3) Local authorities could largely benefit from a more flexible legal definition of prosumer and a strengthened position vis-a-vis energy utilities
Local authorities in Poland are starting to see the benefits brought about by the energy transition. They are very interested in the development of renewable energy, both as producers and as supporters of citizens’ energy, but they need a favourable legal framework to be more ambitious and succeed in their undertakings. Including local authorities in the definition of prosumers was a good start, but this definition is very strict – installations need to be smaller than 40 kW to be connected to the grid – and there is significant imbalance between prosumers and energy utilities. For example, when the prosumer delivers more electricity than what they take from the grid, the difference is lost in favour of the energy utility.
4) Polish municipalities should be encouraged to use private funding more often and in a more skilful way, while the government should ensure the necessary legal environment to attract investors.
Polish municipalities have fairly easy access to non-repayable grants, which constitute the main funding source used for RES projects. Still, considering the installations foreseen both in the public and private sector, there will be not enough funds to cover all of the planned investments.
In March the government proposed an amendment to the Renewable Sources of Energy law to remove tax disincentives and kick off auctions under a new subsidy system. This would grant renewable producers a stable price for their energy in any given period. The amendment was approved by Poland’s upper house of parliament last June, with the hope, once it is signed by the President, of removing obstacles to green energy investment and help Warsaw meet EU renewable energy targets. Banks also offer some opportunities, for example providing support in emitting municipal green bonds, but other options are available.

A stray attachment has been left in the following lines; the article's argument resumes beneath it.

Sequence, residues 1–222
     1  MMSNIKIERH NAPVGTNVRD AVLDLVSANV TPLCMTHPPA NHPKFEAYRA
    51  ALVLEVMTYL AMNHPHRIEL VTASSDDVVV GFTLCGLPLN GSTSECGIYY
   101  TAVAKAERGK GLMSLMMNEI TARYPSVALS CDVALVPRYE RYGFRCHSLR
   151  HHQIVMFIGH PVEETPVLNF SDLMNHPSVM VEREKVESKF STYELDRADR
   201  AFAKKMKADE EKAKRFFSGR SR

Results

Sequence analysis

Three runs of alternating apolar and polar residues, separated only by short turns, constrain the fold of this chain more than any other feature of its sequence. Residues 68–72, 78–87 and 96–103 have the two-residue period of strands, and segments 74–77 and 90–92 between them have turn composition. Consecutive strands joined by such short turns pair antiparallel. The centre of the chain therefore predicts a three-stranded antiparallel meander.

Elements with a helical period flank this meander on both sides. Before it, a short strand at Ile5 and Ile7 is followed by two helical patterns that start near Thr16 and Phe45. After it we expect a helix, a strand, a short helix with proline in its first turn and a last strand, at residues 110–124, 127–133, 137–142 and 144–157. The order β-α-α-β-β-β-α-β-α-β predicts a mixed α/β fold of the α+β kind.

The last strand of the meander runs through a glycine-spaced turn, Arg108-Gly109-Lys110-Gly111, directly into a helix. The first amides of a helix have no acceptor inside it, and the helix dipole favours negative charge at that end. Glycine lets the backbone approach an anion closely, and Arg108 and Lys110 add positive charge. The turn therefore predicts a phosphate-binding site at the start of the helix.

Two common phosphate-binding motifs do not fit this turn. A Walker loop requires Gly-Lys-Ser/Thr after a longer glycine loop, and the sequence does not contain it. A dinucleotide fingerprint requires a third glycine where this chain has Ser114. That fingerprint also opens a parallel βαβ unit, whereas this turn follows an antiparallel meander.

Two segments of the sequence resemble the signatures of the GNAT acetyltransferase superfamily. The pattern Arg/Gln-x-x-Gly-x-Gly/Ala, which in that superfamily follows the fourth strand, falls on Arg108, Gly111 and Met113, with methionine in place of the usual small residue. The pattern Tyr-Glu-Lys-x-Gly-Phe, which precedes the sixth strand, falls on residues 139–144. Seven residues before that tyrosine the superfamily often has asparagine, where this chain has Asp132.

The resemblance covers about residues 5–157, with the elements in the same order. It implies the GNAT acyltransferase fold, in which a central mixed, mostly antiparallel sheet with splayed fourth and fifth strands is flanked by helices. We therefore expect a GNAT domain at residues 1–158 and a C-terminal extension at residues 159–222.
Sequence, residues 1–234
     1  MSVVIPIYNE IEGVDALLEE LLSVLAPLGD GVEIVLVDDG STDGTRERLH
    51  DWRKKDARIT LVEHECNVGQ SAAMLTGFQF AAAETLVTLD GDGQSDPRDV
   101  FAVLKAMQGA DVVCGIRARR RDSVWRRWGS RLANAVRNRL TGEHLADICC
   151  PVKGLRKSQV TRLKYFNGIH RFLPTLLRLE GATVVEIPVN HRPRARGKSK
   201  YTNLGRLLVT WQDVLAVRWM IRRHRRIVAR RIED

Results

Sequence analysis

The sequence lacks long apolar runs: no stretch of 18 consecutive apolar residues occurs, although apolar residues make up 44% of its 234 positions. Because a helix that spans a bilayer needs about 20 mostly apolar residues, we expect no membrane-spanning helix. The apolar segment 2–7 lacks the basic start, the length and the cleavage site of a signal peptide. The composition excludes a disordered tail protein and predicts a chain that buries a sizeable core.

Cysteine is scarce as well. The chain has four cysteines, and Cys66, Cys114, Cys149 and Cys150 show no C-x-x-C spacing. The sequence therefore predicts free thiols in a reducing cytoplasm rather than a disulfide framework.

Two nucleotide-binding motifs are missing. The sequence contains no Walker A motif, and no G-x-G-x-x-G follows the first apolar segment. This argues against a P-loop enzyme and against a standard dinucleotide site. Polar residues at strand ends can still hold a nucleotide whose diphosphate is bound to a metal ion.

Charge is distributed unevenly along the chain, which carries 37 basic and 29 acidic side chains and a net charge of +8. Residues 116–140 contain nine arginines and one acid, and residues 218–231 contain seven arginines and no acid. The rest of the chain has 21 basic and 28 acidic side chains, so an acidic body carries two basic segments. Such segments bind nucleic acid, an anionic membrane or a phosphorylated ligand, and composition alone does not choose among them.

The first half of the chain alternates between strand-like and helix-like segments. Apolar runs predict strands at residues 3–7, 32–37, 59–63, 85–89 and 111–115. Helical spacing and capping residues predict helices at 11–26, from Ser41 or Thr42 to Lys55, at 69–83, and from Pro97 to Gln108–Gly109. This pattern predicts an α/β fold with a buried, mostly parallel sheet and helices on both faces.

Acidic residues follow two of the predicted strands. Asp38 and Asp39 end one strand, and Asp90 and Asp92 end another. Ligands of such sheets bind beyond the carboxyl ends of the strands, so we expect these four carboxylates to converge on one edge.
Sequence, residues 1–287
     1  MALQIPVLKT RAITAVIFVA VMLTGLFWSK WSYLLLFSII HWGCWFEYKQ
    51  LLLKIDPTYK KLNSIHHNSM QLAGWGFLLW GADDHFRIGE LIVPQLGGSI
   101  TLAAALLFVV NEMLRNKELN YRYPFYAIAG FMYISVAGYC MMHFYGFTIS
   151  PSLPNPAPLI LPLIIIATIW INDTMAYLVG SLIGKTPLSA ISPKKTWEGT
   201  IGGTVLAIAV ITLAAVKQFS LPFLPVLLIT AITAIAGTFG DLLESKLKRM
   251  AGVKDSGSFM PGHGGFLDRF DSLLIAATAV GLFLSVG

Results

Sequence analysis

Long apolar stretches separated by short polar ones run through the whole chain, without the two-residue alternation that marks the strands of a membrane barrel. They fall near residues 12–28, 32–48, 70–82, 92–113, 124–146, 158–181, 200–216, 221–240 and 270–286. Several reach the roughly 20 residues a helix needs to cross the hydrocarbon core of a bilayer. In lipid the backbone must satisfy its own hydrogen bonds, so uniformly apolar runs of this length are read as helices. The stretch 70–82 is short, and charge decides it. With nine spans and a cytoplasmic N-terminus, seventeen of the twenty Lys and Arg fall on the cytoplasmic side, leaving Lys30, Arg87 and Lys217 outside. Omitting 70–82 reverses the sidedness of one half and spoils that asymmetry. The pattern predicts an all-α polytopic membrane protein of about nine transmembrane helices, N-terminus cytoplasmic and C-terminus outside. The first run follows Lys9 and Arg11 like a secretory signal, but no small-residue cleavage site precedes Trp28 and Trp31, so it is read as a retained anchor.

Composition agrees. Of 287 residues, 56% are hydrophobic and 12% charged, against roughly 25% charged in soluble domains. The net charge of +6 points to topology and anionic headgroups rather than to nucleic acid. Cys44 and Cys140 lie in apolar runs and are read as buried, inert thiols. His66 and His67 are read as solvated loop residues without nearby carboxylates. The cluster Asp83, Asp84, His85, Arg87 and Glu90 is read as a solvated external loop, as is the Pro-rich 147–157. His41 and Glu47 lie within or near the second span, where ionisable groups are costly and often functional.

5) Polish cities are willing to take big steps forward in their energy transition and are hungry for expert support, international exchanges and training.
Limited financial resources are not the only reason behind the lack of sufficient renewable energy deployment at local level. Human resources are also an issue when it comes to investing in RES. Polish municipalities sometimes lack the necessary knowledge and skills to prepare and implement RES projects. Financing institutions won’t fund such projects if they are not bankable, and private companies often complain about the lack of competent staff they can refer to.
Hiring qualified staff and ensuring proper training is part of the solution, but networking and exchange of experience with other municipalities is extremely important. This is where NGOs and European partners have an important role to play!
|Have a look at Polish best practices in renewable energy deployment:|
Uniejow’s geothermal plant
Solar energy in Niepolomice
This article was written thanks to the contribution of our partner Polish Network Energy Cities
September 6, 2018